Tonight I learned a friend from high school passed away. We we not close, but she was on Facebook, I was on Facebook, and she actively shared her life with that community.
This sad event has given me some pause, as I read the outpouring of kind words of remembrance on her page. She always seemed overwhelmingly positive, openly expressing her joy with her fiancée, her small dog, and they life they had carved out together. I had gathered from her posts that she was dealing with a long term illness as she mentioned several times through the years about going to Mass General for procedures or treatments. She frequently dealt with migraines and fatigue as well. Beyond that, I do not know what she was fighting, but today she passed away in her sleep.
We all make plans and have dreams, and by this point in life we realize that the plans we once had might not work out the way we hoped. Some off us get distracted, are led astray, get wrapped up in careers and marriages that don’t always go the way we wanted. Some of us think that if we had just a little more money we’d be happier, or if we had a different job, or more time, we’d do those things we always wanted to. We’d see our family more. We’d reach out to our own communities. We’d give back more. We’d serve these people in our lives they way we want to, if we had the time.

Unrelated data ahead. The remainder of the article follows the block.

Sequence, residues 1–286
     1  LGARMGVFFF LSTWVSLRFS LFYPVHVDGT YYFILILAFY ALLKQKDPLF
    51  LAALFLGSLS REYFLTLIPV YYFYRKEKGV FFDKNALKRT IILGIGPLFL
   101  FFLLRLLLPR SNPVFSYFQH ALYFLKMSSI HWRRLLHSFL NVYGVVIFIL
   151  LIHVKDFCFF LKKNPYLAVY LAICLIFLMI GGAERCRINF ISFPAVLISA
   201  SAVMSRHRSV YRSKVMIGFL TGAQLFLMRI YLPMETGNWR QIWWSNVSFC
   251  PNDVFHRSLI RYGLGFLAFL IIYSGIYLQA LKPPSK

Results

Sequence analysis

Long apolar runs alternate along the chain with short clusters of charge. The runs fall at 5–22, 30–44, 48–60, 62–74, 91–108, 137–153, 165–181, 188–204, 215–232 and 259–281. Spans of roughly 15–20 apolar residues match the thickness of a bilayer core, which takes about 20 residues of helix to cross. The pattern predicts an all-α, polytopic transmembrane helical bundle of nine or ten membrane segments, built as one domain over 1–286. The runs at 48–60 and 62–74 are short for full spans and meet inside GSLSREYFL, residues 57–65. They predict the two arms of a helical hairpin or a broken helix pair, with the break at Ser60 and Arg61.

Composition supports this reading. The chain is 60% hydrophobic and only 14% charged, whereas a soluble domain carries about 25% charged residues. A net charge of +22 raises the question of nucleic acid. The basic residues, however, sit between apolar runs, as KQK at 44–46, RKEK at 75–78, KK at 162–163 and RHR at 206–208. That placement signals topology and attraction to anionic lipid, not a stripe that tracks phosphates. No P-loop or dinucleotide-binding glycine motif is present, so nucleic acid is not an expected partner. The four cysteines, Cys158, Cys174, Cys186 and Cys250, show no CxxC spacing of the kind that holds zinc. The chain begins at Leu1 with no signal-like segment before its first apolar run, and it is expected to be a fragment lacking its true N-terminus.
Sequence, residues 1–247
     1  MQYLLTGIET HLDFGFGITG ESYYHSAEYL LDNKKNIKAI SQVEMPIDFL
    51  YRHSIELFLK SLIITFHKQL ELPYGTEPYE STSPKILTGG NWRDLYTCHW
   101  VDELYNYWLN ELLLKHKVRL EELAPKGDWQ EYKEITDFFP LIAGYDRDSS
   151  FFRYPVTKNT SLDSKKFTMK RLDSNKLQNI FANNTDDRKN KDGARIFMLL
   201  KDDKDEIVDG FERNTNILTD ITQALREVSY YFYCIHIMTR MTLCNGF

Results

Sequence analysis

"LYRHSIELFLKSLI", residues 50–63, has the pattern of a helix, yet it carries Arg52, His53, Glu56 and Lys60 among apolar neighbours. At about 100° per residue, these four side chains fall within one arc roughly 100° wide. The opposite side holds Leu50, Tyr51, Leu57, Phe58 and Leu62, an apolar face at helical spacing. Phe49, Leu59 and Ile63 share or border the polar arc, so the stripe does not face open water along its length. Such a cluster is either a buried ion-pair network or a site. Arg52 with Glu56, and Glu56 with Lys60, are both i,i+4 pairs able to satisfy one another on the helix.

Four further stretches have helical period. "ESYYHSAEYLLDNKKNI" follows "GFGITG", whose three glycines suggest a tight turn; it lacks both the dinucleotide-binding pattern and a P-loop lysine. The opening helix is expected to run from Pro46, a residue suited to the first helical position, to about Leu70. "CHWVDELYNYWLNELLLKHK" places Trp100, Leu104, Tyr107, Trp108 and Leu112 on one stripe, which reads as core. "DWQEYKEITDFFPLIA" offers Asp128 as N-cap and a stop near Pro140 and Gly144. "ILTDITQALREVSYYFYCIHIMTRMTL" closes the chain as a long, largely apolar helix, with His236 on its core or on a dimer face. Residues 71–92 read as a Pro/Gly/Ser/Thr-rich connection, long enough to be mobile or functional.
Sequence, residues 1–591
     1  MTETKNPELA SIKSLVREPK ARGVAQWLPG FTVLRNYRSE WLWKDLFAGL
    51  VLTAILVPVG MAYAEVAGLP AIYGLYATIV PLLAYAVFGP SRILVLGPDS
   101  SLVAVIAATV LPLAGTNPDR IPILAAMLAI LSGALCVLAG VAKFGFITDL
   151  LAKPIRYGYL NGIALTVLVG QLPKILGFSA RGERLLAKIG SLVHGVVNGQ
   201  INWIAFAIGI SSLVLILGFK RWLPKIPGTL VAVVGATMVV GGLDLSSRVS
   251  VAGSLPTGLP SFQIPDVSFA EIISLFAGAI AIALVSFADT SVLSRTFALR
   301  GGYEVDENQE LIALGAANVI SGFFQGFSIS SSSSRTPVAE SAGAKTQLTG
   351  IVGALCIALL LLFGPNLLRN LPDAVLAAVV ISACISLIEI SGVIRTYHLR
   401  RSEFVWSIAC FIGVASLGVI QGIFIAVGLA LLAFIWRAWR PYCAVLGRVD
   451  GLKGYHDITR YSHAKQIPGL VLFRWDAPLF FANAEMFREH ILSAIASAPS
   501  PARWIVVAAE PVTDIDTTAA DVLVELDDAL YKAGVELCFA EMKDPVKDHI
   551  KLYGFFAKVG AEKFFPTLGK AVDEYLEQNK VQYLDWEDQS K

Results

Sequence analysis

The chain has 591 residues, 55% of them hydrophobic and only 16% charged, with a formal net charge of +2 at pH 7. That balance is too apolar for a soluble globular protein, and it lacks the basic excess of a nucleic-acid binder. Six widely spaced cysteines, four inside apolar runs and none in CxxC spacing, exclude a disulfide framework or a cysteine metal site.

I feel this way constantly, and this death has snapped these feelings into the front of my mind to deal with. They have been lingering in the background, growing larger as I advance into my forties, but the death of a peer really pushes them forward for me. I feel like a wait a lot. I don’t like waiting. I feel confined by my situation often. That’s a shitty way to feel about a relatively awesome life.
One thing I feel I’ve gotten right, with regard to living this life, is cycling. Pursuing this passion has made me a happier person. It’s been a companion through hard times, and happy times. Cycling helps me, heals me, makes me stronger, and invigorates my spirit. I think I’m proud to be a cyclist because I wasn’t always one. I decided to be one.
But even more important than the bike, I have an AMAZING son who I’m immeasurably grateful for. He is a sweet, generous, bright kid and I’m so very proud of him. I have a modest home in a fine neighborhood in a decent town. I have a job. I have a cat, and although he wakes me up to be feed and let out at 4am every day, I love him too. But I’d be lying if I said I don’t constantly, and I mean constantly, whirl my brain around the things that I want to change but don’t feel I can. The passing of this classmate really illustrates that life needs to be lived. Things don’t matter, people do. People and experiences, kindness, learning, and love. Love matters most of all.